He doesn't respond for a moment. "Have you been drinking?"
"Christ, Tommy, it's nine in the morning."
"Yeah, all right, I was just checking. What do you mean, things keep disappearing?"
To his credit, Tommy sounds neither mocking nor annoyed. "I, uh. Okay, look, this is gonna sound really weird, so don't—I'm not lying, I swear," she says. The words spill from her mouth like water through a cracked dam.
"All right, I'm listening."
"I—I had this cup of tea, right? And the string broke and the bag fell in. I was annoyed, I said da—" she catches herself, unsure of what will happen if she says the magic words without a definite target. "That thing that most people say when they're upset that means, you know, 'send it to hell.'"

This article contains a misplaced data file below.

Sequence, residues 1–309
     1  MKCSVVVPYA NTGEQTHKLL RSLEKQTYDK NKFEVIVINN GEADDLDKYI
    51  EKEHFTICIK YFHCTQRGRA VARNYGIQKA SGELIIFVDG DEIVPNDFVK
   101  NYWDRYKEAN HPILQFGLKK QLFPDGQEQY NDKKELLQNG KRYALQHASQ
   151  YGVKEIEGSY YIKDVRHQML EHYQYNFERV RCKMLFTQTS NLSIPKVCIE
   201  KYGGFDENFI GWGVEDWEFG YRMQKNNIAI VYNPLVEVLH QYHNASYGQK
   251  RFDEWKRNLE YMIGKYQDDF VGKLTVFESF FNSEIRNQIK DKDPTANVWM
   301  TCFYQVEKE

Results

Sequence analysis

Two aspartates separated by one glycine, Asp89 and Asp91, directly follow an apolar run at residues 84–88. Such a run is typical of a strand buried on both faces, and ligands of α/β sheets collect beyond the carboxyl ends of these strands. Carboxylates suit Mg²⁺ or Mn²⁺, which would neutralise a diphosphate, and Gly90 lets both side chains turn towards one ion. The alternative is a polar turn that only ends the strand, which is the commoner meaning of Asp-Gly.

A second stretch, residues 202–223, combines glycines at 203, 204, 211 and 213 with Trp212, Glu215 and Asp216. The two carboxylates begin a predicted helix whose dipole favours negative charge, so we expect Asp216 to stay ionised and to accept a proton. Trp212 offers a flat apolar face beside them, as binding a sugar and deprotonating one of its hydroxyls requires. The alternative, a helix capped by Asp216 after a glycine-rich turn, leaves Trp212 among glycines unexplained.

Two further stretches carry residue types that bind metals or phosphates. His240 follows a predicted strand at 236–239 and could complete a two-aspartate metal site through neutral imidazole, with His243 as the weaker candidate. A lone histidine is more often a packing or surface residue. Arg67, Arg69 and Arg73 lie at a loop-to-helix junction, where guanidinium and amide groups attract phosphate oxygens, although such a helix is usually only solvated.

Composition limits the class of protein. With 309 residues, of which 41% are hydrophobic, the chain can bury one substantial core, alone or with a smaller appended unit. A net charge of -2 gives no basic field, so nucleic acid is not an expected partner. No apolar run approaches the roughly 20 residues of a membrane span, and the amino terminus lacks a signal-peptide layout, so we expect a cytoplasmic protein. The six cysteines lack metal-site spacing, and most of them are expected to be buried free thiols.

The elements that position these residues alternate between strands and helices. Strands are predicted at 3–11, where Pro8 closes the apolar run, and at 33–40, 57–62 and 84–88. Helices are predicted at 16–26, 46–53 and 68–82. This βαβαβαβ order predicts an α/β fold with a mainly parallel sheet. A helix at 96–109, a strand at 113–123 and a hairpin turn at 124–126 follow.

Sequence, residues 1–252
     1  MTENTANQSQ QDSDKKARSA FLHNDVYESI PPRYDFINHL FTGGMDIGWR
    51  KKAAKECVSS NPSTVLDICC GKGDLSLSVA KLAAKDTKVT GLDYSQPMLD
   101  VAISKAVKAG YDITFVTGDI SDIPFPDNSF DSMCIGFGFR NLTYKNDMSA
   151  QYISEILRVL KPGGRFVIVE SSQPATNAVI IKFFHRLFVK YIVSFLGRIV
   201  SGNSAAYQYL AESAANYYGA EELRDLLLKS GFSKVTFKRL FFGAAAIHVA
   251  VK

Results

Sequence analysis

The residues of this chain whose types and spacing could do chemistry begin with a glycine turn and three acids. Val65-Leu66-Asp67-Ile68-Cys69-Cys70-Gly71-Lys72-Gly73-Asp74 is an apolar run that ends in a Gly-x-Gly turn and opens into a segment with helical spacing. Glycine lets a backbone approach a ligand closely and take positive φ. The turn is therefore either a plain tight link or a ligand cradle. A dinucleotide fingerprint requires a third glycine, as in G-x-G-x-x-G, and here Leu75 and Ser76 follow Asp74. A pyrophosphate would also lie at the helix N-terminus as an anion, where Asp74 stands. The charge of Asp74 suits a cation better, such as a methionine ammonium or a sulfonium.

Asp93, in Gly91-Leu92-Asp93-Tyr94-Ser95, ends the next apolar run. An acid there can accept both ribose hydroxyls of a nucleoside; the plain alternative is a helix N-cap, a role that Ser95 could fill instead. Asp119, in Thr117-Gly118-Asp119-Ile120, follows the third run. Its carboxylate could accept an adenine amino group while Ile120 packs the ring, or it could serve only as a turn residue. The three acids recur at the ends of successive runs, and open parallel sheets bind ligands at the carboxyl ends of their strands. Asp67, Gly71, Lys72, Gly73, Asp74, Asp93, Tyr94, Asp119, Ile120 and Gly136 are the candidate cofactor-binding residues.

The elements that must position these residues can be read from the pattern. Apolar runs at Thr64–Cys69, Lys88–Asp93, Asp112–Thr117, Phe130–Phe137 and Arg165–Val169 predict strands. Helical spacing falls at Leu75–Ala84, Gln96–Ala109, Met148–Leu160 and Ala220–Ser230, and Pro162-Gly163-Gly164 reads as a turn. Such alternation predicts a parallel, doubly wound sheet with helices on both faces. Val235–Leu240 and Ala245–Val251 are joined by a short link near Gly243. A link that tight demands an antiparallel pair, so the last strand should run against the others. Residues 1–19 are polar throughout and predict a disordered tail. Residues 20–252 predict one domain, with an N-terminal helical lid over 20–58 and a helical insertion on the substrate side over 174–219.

"Damn it?" Tommy asks, bewildered.
"Yes, that. I said it, and—and the cup was gone, and now there's this little pile of ash, and it stinks like brim—like sulfur, and then I burned myself on the tea kettle and I did it again, and I just don't know what to do, Tommy. What do I do?"
Another pause. "Look, hon. I'm not going to judge you if you've been drinking, I just want to help you—"
"Damn it, Tommy, I haven't—" she claps her hand over her mouth, too late, and the phone slips from her fingers. She knows, without hearing, that he is no longer at the other end.
Gemma blinks several times as if it'll clear things up. Her apartment is almost silent, disturbed only by the droning refrigerator.
"I take it back," she says, a hint of hysteria bubbling up within her like something foul at the bottom of a witch's cauldron. "I didn't mean it," she assures whoever or whatever granted her this absurd power, "I—give him back, please, I never wanted this, I didn't ask for this."
Her pleas remain unanswered, and she sits alone in her kitchen, her delicately pattered curtains trembling in the breeze.